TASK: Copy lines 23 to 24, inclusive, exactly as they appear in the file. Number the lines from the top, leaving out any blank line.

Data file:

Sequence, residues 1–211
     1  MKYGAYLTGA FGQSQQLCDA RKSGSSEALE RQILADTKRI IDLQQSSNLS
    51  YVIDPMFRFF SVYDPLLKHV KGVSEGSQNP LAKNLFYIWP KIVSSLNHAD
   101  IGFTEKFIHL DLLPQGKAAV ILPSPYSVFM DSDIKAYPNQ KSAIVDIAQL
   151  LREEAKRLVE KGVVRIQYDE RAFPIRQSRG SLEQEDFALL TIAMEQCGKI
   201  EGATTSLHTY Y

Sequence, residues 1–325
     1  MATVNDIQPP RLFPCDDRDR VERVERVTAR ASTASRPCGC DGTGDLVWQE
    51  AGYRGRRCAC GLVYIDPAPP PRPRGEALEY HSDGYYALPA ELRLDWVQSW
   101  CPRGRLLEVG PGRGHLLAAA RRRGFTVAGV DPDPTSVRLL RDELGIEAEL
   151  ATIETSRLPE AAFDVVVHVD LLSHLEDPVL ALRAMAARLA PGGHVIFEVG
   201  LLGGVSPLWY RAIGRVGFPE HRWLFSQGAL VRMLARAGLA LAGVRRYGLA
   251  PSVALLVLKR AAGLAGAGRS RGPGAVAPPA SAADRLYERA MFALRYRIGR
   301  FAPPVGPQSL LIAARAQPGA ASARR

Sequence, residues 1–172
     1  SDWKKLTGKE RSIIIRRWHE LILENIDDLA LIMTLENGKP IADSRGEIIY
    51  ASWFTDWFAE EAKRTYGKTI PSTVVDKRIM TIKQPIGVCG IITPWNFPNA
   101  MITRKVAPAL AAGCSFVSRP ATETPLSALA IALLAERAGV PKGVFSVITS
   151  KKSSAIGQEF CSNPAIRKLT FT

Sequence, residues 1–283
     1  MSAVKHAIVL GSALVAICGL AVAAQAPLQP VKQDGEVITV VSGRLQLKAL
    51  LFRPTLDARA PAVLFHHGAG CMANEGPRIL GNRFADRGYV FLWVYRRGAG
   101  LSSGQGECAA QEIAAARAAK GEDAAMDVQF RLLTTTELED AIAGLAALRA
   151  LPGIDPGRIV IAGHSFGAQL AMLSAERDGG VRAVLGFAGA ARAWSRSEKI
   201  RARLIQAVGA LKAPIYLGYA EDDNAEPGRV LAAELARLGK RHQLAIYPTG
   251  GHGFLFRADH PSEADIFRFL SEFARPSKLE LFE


   101  LSSGQGECAA QEIAAARAAK GEDAAMDVQF RLLTTTELED AIAGLAALRA
   151  LPGIDPGRIV IAGHSFGAQL AMLSAERDGG VRAVLGFAGA ARAWSRSEKI